The Black Diamond engines are fine examples of the modern passenger power, and are hard coal burners. The fact that they consume black diamonds of the anthracite variety, which does not give off much smoke, has prompted the management to describe their line as "America's cleanest railroad." Three engines are required for the run from Jersey City to Buffalo. The first section is from this terminus to Easton, a distance of 77 miles; the next run is from Easton to Sayre, a distance of 194 miles; and the last is between Sayre and Buffalo, 176.6 miles. The time allotted to each engine is: for the first, 96 minutes; the second, 287 minutes; and the third, 230 minutes. The middle division is the longest and the hardest, as in it the road crosses the mountains; but from the traveler's standpoint it is the most enjoyable, as it is the most picturesque of any.

At the time that the photograph was taken, from which our frontispiece halftone is made, the Black Diamond express was headed by an Atlantic type engine, and only four cars were hauled. At the present time these trains are made up of five cars and are hauled by engines of the Pacific, or 4-6-2 type, and one of these handsome machines is represented among our illustrations. For this engine and the information concerning it we are indebted to Mr. F. H. Hibbits, the superintendent of motive power of the road. The engines have cylinders 22 x 28 ins.; driving wheels, 76½ ins. diameter; the tractive effort is about 28,340 lbs. The engine in working order weighs 241,360 lbs. and with the tender weighs 384,510 lbs. The train, with the engine and tender to be exact, weighs in all 984,280 lbs., or about 492¼ tons. The total heating surface of the boiler is 3,858 sq. ft.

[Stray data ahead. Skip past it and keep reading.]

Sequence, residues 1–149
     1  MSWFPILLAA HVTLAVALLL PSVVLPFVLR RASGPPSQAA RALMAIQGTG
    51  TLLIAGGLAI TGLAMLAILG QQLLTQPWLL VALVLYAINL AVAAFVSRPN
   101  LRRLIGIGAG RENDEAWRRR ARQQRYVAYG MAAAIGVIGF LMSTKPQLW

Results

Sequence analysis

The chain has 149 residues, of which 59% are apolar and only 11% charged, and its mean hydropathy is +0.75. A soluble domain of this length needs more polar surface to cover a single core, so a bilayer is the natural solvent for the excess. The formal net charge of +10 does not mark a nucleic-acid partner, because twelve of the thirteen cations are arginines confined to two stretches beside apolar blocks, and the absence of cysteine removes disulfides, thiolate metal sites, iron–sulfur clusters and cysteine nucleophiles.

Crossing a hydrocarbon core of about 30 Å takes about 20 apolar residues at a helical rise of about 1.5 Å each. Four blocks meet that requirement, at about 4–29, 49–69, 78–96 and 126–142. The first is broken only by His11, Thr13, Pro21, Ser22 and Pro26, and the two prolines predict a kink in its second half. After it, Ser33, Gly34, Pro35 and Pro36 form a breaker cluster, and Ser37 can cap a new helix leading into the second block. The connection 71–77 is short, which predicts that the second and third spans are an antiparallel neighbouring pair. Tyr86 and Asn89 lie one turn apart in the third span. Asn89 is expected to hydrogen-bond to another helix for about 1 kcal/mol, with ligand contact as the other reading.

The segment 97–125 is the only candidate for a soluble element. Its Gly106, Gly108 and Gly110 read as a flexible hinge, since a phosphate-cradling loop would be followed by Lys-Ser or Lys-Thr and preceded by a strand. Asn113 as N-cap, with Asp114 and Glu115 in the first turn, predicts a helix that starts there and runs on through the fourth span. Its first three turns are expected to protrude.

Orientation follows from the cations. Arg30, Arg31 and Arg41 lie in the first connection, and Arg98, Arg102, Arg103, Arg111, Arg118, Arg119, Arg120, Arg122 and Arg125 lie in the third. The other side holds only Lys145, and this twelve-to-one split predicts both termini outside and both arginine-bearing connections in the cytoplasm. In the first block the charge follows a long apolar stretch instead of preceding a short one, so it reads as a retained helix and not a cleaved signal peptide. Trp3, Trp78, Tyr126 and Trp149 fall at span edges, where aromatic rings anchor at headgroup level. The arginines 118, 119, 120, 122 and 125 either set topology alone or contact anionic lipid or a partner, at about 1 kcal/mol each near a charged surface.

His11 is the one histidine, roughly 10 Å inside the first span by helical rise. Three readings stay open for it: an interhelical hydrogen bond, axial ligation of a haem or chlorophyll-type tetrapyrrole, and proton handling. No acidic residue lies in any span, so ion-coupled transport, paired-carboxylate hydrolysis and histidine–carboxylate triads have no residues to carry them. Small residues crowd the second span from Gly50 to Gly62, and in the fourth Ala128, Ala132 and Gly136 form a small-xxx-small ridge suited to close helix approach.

Suppose the train was on the average 9 ft. 11 ins. wide all along, counting engine and tender. As a matter of fact, it is not quite so wide, but for sake of example suppose it was. The shadow of it on the ground with the sun straight overhead would in area about equal the total heating surface which is tucked away in the tubes and fire box of this engine.